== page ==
A comprehensive on-site health camp was conducted by PHM at Jet Airways, Delhi on December 12th, 2011.
Recently many people have switched to a gluten-free diet to shed
excess pounds. Gluten-free food was limited to organic food stores for years
& has now become the latest dietary trend. Many restaurants now offer
Celiac patients cannot bear even smallest quantity of this protein
called gluten as it is enough to cause trouble. Gluten activates an immune
response that damages the lining of the small intestine. This causes problems
in absorption of vital nutrients from food, & can cause various problems like
bone problems, d nerve damage, and infertility to name a few.
Gluten sensitivity can create symptoms similar to celiac
disease without the intestinal damage. Earlier celiac disease was diagnosed by elimination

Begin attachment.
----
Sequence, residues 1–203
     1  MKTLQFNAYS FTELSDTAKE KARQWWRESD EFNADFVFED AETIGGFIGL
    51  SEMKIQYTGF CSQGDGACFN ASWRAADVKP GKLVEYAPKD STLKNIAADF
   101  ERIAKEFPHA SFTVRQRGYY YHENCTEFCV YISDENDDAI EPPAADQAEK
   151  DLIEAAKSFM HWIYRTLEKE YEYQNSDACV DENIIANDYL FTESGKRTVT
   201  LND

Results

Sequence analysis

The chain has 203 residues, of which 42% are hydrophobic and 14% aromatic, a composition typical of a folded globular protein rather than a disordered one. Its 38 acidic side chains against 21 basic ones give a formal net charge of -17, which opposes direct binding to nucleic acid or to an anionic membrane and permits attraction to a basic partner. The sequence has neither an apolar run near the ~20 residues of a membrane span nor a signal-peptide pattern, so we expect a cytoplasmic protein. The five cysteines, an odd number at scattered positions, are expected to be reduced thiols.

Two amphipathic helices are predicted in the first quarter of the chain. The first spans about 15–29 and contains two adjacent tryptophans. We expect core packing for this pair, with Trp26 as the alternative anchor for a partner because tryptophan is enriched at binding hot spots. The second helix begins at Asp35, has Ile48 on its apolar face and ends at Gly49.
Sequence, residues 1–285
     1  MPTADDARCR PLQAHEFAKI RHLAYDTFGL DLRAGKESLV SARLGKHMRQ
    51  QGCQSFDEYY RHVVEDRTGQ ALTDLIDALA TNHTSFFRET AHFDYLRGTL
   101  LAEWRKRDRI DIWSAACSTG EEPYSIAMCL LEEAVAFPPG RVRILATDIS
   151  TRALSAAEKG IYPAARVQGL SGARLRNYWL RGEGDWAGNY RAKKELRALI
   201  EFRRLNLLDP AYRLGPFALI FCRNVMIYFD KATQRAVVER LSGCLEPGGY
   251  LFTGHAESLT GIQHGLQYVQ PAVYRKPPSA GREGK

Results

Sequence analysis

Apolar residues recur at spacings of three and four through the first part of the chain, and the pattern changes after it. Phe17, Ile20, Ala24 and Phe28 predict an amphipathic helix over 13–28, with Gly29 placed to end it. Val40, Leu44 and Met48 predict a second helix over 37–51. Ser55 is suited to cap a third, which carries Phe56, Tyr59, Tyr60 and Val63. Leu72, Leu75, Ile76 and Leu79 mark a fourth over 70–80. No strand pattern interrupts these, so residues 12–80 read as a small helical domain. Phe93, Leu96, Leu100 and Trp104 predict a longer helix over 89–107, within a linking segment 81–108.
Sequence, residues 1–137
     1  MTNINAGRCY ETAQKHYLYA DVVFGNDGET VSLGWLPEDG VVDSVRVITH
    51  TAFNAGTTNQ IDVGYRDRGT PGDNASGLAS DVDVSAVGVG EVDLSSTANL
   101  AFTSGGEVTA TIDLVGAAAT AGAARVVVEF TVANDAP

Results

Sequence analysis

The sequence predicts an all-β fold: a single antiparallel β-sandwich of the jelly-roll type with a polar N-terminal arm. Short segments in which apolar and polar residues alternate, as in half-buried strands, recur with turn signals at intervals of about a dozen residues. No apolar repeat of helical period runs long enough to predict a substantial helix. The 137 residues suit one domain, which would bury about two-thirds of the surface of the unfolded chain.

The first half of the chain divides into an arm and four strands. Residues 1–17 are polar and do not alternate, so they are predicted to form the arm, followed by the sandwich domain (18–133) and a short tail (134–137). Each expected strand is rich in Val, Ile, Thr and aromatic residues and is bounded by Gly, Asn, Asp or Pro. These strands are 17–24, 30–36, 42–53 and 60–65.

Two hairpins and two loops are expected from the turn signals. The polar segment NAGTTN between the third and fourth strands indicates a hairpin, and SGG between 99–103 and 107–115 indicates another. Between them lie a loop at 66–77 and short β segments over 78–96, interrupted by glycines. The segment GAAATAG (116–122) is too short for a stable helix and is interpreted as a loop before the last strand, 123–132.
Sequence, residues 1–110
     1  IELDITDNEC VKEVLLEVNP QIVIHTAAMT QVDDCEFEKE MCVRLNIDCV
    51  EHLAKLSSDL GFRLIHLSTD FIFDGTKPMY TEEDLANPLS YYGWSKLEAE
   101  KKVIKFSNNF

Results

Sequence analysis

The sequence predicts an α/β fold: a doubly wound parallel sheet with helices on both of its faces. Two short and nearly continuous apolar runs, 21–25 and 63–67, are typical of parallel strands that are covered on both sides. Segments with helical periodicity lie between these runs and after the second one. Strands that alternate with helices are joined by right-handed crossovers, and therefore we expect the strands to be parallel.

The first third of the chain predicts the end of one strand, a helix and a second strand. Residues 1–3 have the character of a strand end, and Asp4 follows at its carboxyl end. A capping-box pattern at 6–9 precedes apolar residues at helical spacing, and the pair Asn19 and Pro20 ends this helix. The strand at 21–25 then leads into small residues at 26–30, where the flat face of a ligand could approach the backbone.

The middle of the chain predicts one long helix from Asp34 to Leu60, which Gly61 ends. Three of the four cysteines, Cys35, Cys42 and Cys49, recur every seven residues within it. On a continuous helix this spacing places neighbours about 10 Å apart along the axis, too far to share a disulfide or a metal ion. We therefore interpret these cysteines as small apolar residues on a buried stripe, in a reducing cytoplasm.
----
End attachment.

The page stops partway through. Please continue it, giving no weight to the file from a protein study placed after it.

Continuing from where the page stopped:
process. Today with advancement in medicine, it can be identified with a simple
blood test for the presence of antibodies against a protein called tissue
transglutaminase. A biopsy of the intestine confirms the diagnosis.
Avoiding gluten means more than just giving up on
traditional baked items and alcoholic beverages. Gluten exists in many other
products, including frozen foods, some foods made with “natural flavorings,”
vitamin and mineral supplements, some medications, and even toothpaste. This
makes adopting a gluten-free diet tremendously taxing.
Avoiding gluten completely can create some nutrition related
deficiencies. Fortified food such cereals have become a good source of vitamin
B. Alternatives like breads made with gluten-free flours are becoming more
common, they are generally not fortified with vitamins. This can be a problem
for anyone, especially for women who are pregnant or may become pregnant. They
need vitamin B9, more commonly known as folic acid, to prevent birth defects.
Taking a gluten-free
multivitamin, multi-mineral supplement is a good idea for anyone trying to
avoid gluten. Consult a doctor before going gluten free. Once a person has
avoided gluten for a while, it becomes difficult to envisage if a person has
celiac disease, gluten sensitivity, or neither.